users. It is usually based of the immense dif¬culty of factorising suf¬ciently large

numbers. At present 150 “ 200 digit numbers cannot be factorised in a lifetime.

We will study the RSA system of Rivest, Shamir and Adleson. The user A (for

Alice) takes two large primes pA and qA with > 100 digits. She obtains NA = pA qA

and chooses at random ρA such that (ρA , φ(NA )) = 1. We can ensure that pA ’ 1 and

qA ’ 1 have few factors. Now A publishes the pair NA and ρA .

By some agreed method B (for Bob) codes his message for Alice as a sequence of

numbers M < NA . Then B sends A the number M ρA (mod NA ). When Alice wants

to decode the message she chooses dA such that dA ρA ≡ 1 (mod φ)(NA ). Then

M ρA dA ≡ M (mod NA ) since M φ(NA ) ≡ 1. No-one else can decode messages to

Alice since they would need to factorise NA to obtain φ(NA ).

If Alice and Bob want to be sure who is sending them messages, then Bob could

send Alice EA (DB (M )) and Alice could apply EB DA to get the message ” if it™s

from Bob.

Chapter 2

Induction and Counting

2.1 The Pigeonhole Principle

Proposition (The Pigeonhole Principle). If nm + 1 objects are placed into n boxes

then some box contains more than m objects.

Proof. Assume not. Then each box has at most m objects so the total number of objects

is nm ” a contradiction.

A few examples of its use may be helpful.

Example. In a sequence of at least kl+1 distinct numbers there is either an increasing

subsequence of length at least k+1 or a decreasing subsequence of length at least l+1.

Solution. Let the sequence be c1 , c2 , . . . , ckl+1 . For each position let ai be the length

of the longest increasing subsequence starting with ci . Let dj be the length of the

longest decreasing subsequence starting with cj . If ai ¤ k and di ¤ l then there are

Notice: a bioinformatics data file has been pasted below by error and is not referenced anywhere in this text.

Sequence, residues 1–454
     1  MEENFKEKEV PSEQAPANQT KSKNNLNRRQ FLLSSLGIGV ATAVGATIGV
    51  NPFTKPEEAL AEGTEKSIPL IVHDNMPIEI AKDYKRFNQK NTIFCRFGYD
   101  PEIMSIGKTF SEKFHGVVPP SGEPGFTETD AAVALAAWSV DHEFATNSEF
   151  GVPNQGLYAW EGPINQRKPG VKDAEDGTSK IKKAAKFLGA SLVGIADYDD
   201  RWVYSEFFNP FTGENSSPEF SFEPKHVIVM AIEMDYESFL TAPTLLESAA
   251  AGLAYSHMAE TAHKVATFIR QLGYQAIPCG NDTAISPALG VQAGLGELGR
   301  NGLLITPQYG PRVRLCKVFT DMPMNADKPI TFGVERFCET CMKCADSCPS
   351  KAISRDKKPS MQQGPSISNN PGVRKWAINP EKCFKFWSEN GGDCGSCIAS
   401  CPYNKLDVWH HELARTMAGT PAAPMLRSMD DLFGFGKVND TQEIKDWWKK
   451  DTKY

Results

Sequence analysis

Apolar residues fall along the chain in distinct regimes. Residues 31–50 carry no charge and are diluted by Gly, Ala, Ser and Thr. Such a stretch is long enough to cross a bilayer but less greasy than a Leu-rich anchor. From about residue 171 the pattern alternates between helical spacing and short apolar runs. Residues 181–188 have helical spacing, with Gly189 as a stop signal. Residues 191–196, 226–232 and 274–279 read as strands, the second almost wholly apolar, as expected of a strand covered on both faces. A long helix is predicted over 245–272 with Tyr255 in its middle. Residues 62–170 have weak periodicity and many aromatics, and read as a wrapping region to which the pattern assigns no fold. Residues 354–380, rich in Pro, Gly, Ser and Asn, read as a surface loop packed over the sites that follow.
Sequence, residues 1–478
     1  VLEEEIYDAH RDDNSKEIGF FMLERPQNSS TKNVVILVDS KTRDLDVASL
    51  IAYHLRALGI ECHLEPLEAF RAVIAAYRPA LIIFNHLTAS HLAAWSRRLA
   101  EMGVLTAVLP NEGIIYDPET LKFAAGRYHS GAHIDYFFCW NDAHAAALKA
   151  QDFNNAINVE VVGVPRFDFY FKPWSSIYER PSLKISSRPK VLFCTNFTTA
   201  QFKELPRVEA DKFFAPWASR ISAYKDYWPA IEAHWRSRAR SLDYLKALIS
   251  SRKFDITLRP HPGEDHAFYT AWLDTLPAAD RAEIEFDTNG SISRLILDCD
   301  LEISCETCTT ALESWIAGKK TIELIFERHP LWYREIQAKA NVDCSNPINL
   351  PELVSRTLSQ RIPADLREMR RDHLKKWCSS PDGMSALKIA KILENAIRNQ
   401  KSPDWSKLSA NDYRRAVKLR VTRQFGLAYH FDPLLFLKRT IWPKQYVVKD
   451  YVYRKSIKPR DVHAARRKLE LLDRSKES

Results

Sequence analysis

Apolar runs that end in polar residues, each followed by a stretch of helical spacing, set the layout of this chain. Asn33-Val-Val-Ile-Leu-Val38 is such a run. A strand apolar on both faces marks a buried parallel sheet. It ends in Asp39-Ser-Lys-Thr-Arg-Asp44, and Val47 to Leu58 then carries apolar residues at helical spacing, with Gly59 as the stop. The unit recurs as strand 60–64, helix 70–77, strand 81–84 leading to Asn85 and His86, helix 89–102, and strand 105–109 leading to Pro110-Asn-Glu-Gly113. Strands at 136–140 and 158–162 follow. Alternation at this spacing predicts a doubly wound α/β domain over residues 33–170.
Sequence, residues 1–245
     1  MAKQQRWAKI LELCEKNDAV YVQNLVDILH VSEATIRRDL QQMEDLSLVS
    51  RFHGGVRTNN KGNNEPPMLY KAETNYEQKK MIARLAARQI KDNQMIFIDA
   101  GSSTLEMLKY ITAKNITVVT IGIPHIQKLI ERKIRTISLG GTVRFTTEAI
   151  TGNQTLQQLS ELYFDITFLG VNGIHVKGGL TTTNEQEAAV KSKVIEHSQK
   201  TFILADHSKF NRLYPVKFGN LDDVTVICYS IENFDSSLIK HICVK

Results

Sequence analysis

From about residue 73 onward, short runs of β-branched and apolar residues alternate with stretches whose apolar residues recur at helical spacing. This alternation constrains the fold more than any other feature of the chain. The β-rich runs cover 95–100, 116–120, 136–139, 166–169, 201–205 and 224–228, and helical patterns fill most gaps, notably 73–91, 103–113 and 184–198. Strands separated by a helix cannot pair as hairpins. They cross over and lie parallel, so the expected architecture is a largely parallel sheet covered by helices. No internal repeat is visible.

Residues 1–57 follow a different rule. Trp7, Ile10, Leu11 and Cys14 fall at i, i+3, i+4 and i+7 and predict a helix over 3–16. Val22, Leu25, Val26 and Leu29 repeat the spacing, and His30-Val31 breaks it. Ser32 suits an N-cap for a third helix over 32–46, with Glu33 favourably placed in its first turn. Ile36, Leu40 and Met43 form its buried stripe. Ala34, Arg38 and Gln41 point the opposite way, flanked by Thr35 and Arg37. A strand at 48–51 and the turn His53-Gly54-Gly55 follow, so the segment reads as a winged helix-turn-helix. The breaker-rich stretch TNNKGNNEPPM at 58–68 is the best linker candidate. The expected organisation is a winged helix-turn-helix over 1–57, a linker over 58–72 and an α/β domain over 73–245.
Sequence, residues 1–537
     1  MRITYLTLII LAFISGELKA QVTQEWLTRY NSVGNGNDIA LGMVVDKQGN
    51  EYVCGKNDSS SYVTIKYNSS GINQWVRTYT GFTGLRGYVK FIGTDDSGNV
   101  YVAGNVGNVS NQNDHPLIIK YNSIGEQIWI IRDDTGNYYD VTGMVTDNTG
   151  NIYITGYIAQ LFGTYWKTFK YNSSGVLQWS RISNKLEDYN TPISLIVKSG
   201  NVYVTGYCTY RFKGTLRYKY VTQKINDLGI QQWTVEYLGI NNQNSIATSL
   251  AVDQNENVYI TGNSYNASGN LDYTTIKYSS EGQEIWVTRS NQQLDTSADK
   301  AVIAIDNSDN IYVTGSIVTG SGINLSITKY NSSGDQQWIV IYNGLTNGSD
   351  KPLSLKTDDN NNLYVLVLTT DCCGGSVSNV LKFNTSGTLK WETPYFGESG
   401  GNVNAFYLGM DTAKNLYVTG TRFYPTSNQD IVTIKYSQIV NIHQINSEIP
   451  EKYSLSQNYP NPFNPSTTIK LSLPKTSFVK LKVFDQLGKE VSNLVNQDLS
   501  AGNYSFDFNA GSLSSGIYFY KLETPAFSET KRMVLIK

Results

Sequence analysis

only at most kl distinct pairs (ai , dj ). Thus we have ar = as and dr = ds for some

1 ¤ r < s ¤ kl + 1. This is impossible, for if cr < cs then ar > as and if cr > cs

then dr > ds . Hence either some ai > k or dj > l.

Example. In a group of 6 people any two are either friends or enemies. Then there

are either 3 mutual friends or 3 mutual enemies.

Solution. Fix a person X. Then X has either 3 friends or 3 enemies. Assume the

former. If a couple of friends of X are friends of each other then we have 3 mutual

friends. Otherwise, X™s 3 friends are mutual enemies.

Dirichlet used the pigeonhole principle to prove that for any irrational ± there are

in¬nitely many rationals p satisfying ± ’ p < q12 .

q q

2.2 Induction

Recall the well-ordering axiom for N0 : that every non-empty subset of N0 has a least

element. This may be stated equivalently as: “there is no in¬nite descending chain in

N0 ”. We also recall the (weak) principle of induction from before.

11

CHAPTER 2. INDUCTION AND COUNTING

12

Proposition (Principle of Induction). Let P (n) be a statement about n for each n ∈

N0 . Suppose P (k0 ) is true for some k0 ∈ N0 and P (k) true implies that P (k + 1) is

true for each k ∈ N. Then P (n) is true for all n ∈ N0 such that n ≥ k0 .

The favourite example is the Tower of Hanoi. We have n rings of increasing radius